Piers Morgan, Immigrant With Job No American Wants, Faces Deportation

Humble talk show host dares speak out about guns

This may be Piers Morgan's last Christmas season in America: Many people want the hardworking immigrant to be deported for speaking out about guns.

Morgan, from an island called Britain, is one of millions of foreign-born workers doing a job few Americans would willingly do. Like many farmhands, unskilled laborers and television personalities, he rises early each morning to face a sometimes humiliating job.

Morgan hosts a talk show on CNN.

He has struggled in the ratings since taking over for "Larry King Live" nearly two years ago. He speaks English well, but still sometimes finds it hard to connect with people here. And though he was a celebrated journalist on his island, here he is forced to interview some of the least interesting Americans, like the Kardashians. Once he had no guest at all, and had to interview a chair.

Also read: Piers Morgan Interviews a Chair

But Morgan rarely complains. He earns enough to scrape by, and is grateful for his humble way new way of life.

But it may be in danger.

Last week, Morgan criticized the gun policies in his unfamiliar land. Losing his temper, he even called one gun-rights advocate an "unbelievably stupid man."

Suddenly, Americans took note of Morgan's 9 p.m. show. The Drudge Report pointed out in a headline that the foreign-born Morgan had criticized the country where he is allowed to live and work. The outcry was swift.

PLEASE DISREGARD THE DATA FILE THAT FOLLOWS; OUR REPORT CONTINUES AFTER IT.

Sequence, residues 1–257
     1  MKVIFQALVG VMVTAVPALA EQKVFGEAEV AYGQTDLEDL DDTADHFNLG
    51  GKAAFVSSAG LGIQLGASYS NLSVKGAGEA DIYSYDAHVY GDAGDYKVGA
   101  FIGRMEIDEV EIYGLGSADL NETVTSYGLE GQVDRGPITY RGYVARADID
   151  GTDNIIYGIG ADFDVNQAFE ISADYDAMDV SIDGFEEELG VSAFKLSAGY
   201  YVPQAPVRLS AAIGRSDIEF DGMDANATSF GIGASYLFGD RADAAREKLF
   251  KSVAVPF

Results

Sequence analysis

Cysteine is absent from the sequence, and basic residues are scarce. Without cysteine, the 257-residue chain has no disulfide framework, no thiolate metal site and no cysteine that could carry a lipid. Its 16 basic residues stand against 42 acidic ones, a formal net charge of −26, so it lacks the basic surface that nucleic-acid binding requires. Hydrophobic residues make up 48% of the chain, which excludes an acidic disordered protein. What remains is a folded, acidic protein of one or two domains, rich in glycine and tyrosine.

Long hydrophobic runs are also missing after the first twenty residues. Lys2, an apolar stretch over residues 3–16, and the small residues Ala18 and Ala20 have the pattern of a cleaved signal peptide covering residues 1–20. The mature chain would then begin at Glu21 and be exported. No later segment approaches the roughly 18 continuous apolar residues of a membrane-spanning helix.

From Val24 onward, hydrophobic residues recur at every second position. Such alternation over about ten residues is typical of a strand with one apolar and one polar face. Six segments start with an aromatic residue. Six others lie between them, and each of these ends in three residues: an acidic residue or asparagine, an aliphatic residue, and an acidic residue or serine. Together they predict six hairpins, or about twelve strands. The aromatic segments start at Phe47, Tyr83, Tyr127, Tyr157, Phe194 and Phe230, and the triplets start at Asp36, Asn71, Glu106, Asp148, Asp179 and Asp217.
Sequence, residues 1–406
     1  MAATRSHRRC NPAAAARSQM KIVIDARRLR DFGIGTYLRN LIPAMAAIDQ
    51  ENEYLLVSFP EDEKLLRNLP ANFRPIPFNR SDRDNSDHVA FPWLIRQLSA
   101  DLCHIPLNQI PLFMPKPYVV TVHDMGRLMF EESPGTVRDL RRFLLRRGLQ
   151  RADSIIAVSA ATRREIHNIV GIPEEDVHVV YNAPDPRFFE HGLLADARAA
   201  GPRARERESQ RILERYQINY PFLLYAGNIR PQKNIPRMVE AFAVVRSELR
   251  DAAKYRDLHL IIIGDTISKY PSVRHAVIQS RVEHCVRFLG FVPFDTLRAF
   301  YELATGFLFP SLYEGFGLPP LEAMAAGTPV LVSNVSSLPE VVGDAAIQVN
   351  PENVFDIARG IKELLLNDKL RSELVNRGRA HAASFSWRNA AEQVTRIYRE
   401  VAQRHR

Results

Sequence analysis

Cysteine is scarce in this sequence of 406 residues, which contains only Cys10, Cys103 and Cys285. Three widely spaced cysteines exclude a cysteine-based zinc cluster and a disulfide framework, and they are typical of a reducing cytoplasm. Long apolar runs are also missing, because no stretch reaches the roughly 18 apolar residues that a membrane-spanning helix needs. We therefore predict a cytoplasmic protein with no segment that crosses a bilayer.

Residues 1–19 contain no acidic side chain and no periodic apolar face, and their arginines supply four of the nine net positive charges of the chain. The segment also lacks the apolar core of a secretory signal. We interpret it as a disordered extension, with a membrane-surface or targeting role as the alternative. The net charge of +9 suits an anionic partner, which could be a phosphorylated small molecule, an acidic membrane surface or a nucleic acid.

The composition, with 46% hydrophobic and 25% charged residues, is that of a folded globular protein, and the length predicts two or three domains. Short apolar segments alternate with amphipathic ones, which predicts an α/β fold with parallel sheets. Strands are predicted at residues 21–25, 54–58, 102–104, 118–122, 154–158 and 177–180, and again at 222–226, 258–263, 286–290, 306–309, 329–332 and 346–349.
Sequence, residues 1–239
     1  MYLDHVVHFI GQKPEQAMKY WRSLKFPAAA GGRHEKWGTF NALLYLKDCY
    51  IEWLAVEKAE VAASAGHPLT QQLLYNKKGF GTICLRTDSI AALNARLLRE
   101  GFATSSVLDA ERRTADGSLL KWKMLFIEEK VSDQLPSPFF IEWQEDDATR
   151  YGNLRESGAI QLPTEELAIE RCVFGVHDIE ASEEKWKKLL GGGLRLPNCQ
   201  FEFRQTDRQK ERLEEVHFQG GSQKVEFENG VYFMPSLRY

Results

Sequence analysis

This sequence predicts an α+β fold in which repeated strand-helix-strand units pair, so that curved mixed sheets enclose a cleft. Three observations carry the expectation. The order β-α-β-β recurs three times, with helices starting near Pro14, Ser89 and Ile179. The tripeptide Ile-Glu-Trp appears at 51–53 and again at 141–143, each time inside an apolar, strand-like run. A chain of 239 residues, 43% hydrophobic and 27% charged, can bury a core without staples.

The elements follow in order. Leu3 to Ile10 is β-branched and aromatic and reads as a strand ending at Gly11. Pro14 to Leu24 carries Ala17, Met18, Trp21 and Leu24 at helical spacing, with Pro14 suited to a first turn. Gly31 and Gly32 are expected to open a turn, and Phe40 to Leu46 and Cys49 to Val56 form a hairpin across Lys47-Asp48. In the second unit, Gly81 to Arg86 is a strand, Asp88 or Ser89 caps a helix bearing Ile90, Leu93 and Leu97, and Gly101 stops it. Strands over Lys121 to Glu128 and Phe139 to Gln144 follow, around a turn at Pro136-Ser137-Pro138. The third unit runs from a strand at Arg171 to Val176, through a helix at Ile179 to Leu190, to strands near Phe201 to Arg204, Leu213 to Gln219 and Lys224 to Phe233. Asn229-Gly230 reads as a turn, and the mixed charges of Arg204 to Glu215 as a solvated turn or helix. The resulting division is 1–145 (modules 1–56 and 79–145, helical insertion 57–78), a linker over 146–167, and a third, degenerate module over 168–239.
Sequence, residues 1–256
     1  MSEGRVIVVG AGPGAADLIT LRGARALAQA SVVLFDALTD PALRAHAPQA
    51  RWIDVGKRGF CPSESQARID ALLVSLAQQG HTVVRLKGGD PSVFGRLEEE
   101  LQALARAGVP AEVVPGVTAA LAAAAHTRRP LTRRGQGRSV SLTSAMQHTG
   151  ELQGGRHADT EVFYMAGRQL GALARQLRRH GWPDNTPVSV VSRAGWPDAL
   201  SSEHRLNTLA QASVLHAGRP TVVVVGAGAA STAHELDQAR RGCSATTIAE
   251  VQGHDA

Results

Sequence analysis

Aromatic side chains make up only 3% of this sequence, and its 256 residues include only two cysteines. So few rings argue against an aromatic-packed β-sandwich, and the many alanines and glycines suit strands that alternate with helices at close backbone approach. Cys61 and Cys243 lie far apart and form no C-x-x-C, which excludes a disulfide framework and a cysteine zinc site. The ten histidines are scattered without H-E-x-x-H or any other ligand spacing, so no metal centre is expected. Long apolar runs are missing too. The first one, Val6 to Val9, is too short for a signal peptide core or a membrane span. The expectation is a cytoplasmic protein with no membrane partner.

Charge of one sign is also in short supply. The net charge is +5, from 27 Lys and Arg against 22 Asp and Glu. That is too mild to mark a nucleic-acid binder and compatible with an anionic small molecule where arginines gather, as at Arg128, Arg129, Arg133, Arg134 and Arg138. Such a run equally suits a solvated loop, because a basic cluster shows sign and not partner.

The White House offers a petition process that allows Americans to directly reach out to the president on some of the most important issues of the day. Some petitions, like those seeking to help children with cancer or more jobless benefits for people in need, might receive only a few hundred signatures.

But thousands of Americans sprung to action when they learned of the European views Morgan had expressed in America.

Their desire to protect their borders from dissent was so strong that they started a petition to deport Morgan back to his homeland. It has received some 32,000 signatures — more than the 25,000 needed to draw an official response from the government.

Now Morgan faces a test: Should he go back to toiling in quiet obscurity? Or dare to stand up for his beliefs?

Morgan is speaking out.

"I am now trending in the United States because of this deportation threat. This is getting ridiculous," he said using Twitter, which he uses to communicate with his small audience and loved ones back home. 

Some will say Morgan is in no real danger, because the people who want him gone are wackos. But he lives in fear. He has even reached out to other foreigners, hoping they might let him flee to their country if Americans decide he is too dangerous to remain here.

"If America deports me, I'm thinking of anchoring my CNN show from Jamaica," he tweeted recently to the Jamaica athletes Usain Bolt and Henry Gayle. "Got a spare room?"